When new safety programs or processes are rolled out unsuccessfully, there has almost always been a failure to determine either the factors necessary for success, the factors that can contribute to failure, or some combination of both.
Without a list of the key factors of success and failure, a project launch is a blind affair. This blindness seems more logical if the project appears to be well constructed and has been successful at other organizations or sites in the same organization.
Sadly, imitation of success is no guarantee of success.
The reasons for the imitation failing are basically the differences in sites and cultures. A good fit for one site might be a recipe for disaster at another.
That is why an analysis of success and failure factors is so necessary. Such an analysis is unique to each culture. It should include a review of past successes and/or failures and the factors that contributed to those; but it should also include simply asking a representative cross-sample of people what they think of the project and what it would take to make it work.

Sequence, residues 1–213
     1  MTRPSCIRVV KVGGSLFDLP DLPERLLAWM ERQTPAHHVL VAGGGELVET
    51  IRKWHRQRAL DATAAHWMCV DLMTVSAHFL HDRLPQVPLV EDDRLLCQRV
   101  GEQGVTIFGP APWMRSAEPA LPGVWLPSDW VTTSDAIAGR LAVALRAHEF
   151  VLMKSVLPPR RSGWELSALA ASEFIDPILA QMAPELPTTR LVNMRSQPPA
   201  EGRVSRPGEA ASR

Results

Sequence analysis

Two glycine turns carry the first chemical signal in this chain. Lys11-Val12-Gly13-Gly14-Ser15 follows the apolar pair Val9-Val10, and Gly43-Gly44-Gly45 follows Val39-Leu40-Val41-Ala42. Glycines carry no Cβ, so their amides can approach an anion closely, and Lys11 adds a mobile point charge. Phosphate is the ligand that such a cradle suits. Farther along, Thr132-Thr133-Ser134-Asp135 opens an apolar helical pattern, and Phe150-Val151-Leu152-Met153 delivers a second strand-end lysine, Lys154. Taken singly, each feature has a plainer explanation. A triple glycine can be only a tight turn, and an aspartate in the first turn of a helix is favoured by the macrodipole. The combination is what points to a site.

Good implementers and change agents have usually learned a lot about such analysis, but can almost always be more thorough if they simply list critical factors to success and failure, and address them in their implementations.